Ex-lawyer John Jackson had fallen asleep in a holding cell at the Charleston County jail when he felt someone tapping on his shoulder. He thought it was a deputy waking him to move him to another cell.
But when he opened his eyes another inmate was standing over him.
“He starts punching me in the face,” Jackson said. “He got me in the nose. There was blood everywhere.”
“My nose is still bent,” added Jackson, who said he was jailed for civil contempt after his law practice in North Charleston folded and he fell behind on the $1,500-a-month child support payments that he’d agreed to make during more prosperous times.
Jackson went from representing deadbeat dads to being one. And he says that his experience illustrates South Carolina’s broken system of aggressively going after financially strapped defendants for payment, regardless of whether their pockets are empty.
What happened to Jackson is indicative of what some see as a troubling problem in the Carolinas and throughout the country. As lawmakers shy away from raising taxes, cash-strapped courts and local governments are leaning more on defendants and offenders to cover operating costs – despite the fact that many of these people are struggling to pay their own bills.
A recent National Public Radio report on the emergence of modern debtors’ prisons has sparked a conversation about a system that subjects people to more severe penalties just because they don’t have money.
A critic of that system, Gregory Forman, who has a family law practice in Charleston, said South Carolina should put better procedural safeguards in place to ensure that cash-strapped parents who owe child support are not jailed for being poor.
“There are a whole lot of underemployed men out there due to the way the economy is these days,” he added. “The court just doesn’t seem to show them much empathy. There are guys who lose their jobs because they’re in jail. I understand that the court is trying to look out for children, but I just can’t believe there’s not a better way to handle this.”
The U.S. Supreme Court expressed concern about South Carolina’s approach to child support enforcement when it decided Turner v. Rogers three years ago. The court held that the state had failed to determine whether Michael Turner was able to pay the child support he owed before jailing him for contempt.But Forman said the state’s courts have essentially ignored the decision.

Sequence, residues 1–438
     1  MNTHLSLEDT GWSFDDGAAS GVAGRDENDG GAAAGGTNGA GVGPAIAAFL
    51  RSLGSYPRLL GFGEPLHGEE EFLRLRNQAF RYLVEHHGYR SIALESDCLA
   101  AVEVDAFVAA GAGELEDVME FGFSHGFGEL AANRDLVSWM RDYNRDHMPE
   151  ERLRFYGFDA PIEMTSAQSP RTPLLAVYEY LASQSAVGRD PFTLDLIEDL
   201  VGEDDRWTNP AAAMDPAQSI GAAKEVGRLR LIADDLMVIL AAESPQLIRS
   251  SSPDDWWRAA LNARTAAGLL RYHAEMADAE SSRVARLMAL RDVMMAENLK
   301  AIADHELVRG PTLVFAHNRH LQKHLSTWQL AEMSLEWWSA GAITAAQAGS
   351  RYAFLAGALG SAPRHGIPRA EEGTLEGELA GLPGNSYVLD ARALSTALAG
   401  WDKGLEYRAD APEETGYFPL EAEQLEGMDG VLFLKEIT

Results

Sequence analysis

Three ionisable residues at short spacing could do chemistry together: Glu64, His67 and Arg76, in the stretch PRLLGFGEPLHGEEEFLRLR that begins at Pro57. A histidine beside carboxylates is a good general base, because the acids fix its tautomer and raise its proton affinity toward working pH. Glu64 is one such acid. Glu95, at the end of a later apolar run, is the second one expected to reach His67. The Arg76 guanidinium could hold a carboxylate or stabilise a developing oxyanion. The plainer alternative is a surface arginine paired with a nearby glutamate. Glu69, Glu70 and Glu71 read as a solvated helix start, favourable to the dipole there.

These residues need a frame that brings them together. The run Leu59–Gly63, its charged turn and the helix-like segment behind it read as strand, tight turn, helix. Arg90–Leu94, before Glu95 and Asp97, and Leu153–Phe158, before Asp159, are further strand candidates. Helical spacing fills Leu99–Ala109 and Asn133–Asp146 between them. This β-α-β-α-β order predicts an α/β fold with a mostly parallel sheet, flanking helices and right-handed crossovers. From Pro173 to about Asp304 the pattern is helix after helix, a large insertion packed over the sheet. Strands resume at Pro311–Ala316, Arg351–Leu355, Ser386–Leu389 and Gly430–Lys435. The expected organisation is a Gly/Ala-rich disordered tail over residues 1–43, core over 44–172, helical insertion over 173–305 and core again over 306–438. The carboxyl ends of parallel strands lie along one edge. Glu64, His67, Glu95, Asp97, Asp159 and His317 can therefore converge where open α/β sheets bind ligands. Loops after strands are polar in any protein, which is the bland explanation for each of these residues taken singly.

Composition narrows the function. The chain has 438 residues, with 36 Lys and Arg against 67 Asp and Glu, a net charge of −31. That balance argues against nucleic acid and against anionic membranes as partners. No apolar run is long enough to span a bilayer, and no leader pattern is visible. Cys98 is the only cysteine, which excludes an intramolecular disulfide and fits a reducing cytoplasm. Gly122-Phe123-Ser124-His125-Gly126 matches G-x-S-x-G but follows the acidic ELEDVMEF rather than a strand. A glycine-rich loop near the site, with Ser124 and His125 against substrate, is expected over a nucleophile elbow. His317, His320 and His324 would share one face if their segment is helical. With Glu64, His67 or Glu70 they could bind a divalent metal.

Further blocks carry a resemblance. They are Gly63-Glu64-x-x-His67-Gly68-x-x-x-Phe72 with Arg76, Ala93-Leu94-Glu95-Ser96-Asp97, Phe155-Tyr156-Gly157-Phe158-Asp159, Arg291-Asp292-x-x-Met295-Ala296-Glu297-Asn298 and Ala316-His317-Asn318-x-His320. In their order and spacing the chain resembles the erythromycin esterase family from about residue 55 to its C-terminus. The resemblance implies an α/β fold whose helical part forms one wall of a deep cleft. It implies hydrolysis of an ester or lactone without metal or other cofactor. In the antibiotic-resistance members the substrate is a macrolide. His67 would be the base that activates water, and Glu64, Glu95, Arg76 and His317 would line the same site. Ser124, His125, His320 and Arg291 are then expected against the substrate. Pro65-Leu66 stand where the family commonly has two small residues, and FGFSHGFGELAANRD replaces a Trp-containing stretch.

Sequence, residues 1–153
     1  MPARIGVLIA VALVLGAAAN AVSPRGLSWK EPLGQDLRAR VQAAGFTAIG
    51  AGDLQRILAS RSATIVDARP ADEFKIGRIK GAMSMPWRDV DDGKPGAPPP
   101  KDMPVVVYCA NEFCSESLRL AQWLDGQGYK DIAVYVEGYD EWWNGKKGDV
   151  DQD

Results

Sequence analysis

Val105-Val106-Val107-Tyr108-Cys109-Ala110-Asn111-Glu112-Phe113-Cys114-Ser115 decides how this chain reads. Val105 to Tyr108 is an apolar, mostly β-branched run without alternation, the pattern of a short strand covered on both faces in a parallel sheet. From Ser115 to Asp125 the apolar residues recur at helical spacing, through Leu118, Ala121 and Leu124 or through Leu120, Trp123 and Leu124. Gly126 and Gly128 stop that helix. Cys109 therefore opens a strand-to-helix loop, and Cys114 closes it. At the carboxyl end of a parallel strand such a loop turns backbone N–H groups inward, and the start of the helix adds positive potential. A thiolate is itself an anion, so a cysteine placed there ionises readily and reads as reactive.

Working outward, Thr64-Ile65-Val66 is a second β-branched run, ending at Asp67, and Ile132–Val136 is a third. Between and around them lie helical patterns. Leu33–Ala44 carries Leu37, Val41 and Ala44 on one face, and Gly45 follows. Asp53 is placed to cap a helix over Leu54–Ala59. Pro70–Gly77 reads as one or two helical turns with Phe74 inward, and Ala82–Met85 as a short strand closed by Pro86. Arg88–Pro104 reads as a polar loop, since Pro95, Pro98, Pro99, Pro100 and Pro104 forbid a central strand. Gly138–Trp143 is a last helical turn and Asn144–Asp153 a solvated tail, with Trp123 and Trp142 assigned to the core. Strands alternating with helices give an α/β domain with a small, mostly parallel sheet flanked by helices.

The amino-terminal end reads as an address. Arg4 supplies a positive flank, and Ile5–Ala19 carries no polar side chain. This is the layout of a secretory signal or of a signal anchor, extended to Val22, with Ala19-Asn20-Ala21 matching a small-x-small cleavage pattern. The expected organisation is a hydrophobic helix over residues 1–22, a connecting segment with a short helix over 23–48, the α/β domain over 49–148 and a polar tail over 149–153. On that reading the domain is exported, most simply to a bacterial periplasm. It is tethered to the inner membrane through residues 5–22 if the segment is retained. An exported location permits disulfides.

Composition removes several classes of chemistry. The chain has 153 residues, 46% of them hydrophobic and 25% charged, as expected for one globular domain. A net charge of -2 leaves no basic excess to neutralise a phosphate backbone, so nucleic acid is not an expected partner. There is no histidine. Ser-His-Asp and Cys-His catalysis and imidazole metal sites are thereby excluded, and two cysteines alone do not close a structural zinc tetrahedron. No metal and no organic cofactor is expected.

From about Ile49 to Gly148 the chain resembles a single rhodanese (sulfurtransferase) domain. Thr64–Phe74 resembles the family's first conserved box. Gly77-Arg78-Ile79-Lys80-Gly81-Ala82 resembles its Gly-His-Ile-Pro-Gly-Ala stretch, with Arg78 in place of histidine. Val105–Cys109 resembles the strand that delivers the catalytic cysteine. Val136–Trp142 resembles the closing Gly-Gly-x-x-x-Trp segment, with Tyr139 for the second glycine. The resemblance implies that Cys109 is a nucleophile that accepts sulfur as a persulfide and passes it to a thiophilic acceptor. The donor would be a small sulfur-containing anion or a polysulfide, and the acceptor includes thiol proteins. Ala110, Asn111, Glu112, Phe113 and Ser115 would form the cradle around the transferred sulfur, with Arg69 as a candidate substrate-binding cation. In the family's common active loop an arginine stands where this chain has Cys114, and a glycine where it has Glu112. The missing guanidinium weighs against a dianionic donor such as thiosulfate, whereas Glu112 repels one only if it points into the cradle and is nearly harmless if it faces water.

Anyone who wants to understand the problem, Forman says, should attend one of the so-called “daddy roundups” that still occur regularly in the state’s family courts. Alleged deadbeat parents are brought into court, usually after being picked up on bench warrants, then given a few minutes to explain their financial situation to a judge.
“They’re all in there in their orange jumpsuits. If you put sepia tone on it you’d think we were back in the 1930s South,” he said. “I can’t recall that I’ve ever seen anyone leave without handcuffs. No one ever has a good enough excuse.”
‘Set up to fail’
In North Carolina, Mark Williams, a family law attorney at Rice Law in Wilmington, said people joke that the court has a “make daddy pay day” followed by “make daddy go to jail day.”
But he added that the joke isn’t entirely true. In his experience, most judges actually look into whether a parent has the ability to pay child support and not that many go to jail. He said the problem of locking up indigent defendants appears to be far worse in North Carolina’s criminal courts.
Thomas Maher, executive director of the North Carolina Office of Indigent Defense Services, said defendants convicted of minor misdemeanor crimes, such as fishing without a license or going more than 15 mph over the speed limit, get hit with comparatively big court costs that often snowball.
“You can end up paying hundreds or thousands of dollars for a relatively minor offense,” he said. “Then you face being brought back into court and being locked up for essentially being poor.”
Guilty defendants in the Tar Heel State, but not South Carolina, can be charged room and board for their jail stay. If given a court-appointed attorney, they must pay a $60 appointment fee plus attorney costs, which usually amounts to at least a few hundred dollars.
And that’s just a small sampling of the string of court costs imposed on defendants. The state recently began charging a $600 lab fee for blood evidence analysis and another $600 if the analyst testified during trial.
Probationers who don’t come up with the money face maximum jail sentences of 90 days.